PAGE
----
I once thought Marco Rubio was the man to beat. He would be the conservative version of Obama — an eloquent orator with a moving biography who could persuade and inspire the public to embrace conservative policy solutions.
More and more, however, I'm beginning to believe that, as important as that is, it's not the most critical thing voters will be looking for. They aren't going to be looking for a visionary speaker, but instead, for a strong leader. To put it in paternalistic terms, they will want a daddy figure to make it all better. This person, stylistically, will be the anti-Obama — a decisive leader. And who is more stylistically anti-Obama than Christie?
The most pressing crisis threatening America isn't political liberalism, so much as it is the atomization of our society. The center will not hold.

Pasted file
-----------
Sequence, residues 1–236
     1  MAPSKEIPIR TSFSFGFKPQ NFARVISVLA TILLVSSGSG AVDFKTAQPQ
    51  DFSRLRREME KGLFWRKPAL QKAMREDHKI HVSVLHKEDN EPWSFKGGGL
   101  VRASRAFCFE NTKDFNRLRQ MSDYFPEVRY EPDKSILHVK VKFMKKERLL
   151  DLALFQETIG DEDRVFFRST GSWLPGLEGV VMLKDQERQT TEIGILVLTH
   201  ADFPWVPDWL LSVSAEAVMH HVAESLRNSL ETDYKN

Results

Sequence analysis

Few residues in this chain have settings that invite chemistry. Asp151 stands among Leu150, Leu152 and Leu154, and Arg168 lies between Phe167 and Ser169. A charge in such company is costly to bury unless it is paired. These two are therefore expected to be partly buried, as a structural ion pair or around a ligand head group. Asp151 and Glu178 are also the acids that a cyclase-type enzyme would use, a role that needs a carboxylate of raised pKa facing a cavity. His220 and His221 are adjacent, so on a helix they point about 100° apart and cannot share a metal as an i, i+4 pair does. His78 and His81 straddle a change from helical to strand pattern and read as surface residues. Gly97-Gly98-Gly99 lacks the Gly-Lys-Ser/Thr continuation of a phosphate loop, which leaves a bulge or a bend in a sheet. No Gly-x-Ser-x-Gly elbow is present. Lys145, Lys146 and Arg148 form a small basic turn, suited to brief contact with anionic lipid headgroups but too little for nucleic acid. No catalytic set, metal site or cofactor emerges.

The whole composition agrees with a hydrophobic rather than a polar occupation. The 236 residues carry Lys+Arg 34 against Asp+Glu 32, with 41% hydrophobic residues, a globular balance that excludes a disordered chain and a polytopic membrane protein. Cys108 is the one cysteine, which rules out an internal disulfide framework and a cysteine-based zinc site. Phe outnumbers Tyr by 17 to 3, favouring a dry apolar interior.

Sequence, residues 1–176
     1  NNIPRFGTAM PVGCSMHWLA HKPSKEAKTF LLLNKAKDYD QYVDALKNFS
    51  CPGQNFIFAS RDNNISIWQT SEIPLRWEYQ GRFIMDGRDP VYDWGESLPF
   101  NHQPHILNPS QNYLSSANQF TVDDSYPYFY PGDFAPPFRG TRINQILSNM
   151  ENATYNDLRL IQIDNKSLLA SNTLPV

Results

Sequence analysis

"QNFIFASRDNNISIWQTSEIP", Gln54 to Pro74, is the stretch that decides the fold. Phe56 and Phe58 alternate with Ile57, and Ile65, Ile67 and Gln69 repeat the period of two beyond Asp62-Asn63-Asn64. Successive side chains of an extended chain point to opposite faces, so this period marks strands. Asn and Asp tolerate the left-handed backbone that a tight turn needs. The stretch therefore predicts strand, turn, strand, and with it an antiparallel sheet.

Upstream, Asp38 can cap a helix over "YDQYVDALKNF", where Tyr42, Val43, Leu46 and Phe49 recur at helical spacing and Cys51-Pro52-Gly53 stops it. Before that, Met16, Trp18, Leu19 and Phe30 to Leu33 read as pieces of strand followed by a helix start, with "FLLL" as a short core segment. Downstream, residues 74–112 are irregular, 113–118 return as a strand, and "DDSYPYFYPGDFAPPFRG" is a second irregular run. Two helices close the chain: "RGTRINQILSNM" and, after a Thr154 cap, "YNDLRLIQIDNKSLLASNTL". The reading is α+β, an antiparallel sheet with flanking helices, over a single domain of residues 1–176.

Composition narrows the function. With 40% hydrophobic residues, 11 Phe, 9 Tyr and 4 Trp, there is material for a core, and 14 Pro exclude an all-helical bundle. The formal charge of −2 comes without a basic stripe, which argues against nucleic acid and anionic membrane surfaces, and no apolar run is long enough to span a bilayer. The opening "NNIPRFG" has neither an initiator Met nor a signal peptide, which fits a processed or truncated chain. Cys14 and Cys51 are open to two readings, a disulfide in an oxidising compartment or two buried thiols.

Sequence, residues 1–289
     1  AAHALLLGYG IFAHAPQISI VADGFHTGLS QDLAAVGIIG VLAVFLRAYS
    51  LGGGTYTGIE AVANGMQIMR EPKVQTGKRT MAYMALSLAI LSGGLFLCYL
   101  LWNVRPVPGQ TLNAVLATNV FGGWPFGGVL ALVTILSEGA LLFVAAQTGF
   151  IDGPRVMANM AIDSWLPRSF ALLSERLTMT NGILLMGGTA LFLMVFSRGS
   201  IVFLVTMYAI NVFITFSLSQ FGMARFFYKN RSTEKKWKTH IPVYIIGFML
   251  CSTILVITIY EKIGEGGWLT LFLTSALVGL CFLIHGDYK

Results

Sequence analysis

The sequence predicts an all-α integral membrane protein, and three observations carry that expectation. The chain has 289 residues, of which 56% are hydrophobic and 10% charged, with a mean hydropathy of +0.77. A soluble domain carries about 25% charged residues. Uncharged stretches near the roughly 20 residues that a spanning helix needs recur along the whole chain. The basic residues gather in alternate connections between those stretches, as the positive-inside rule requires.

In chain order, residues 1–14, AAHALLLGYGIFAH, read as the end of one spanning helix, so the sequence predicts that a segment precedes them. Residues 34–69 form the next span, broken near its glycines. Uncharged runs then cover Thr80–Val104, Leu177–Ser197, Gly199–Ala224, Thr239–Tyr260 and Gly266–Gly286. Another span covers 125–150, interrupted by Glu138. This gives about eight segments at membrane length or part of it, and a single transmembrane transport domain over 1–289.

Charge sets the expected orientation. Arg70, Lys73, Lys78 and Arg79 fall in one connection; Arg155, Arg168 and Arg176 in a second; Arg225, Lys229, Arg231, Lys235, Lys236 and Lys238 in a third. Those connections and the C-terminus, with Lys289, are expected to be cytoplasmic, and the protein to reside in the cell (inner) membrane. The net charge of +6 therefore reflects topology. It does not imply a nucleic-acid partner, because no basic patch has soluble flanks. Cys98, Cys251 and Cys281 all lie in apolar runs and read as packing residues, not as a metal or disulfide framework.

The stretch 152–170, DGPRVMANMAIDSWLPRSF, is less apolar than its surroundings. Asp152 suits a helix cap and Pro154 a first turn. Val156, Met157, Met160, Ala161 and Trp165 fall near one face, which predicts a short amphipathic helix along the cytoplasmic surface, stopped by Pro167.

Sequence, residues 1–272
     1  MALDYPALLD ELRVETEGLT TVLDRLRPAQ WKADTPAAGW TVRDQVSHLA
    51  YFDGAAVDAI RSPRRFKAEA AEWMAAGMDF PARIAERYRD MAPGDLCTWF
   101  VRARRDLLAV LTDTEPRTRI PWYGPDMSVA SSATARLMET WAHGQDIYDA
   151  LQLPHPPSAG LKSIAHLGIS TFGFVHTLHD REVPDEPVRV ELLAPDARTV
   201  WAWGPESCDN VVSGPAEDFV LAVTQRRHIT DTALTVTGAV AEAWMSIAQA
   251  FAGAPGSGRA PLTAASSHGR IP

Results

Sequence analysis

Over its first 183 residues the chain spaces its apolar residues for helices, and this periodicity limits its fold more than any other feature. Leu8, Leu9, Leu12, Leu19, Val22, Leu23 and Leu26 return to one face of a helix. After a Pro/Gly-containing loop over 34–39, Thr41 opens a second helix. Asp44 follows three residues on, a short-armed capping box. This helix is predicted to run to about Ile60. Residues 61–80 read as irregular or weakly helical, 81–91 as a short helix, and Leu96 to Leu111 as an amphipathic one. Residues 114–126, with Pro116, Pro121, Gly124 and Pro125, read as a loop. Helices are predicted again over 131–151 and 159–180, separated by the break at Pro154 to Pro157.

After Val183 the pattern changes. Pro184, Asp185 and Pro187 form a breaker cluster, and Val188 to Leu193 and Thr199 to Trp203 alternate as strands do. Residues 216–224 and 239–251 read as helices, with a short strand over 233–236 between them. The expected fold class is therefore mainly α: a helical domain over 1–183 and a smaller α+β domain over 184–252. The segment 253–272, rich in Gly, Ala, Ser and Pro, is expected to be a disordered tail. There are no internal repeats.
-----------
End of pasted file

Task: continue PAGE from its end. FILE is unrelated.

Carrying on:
To explain, let me refer to something I wrote more than a year ago about the travails Speaker John Boehner faced. I argued that Boehner's impotence was really the product of societal trends that had found their way into our political system. Here's an excerpt:
Americans once belonged to the same church their whole life, worked at the same job for 40 years, and stayed married to the same person till death did they part. Those days are gone. Institutional loyalty has been degraded, and the person leading such an institution no longer has as much sway as he once did.
As a result, being the "boss" no longer really matters. Titles aren't what they used to be. One can't help but think this societal trend is also impacting the way we view political leaders — including the way rank-and-file members view congressional leaders.
What we are seeing happen now transcends the GOP's intransigence and Obama's incompetence. What we are seeing is actually the playing out of a larger trend whereby a "free agent nation" no longer respects its leaders. We see this when Liz Cheney shows up in Wyoming and decides she wants to be a senator, despite an entire party telling her not to run. We see this when a guy from Texas shows up in the U.S. Senate, and 15 minutes later is undermining the speaker of the House.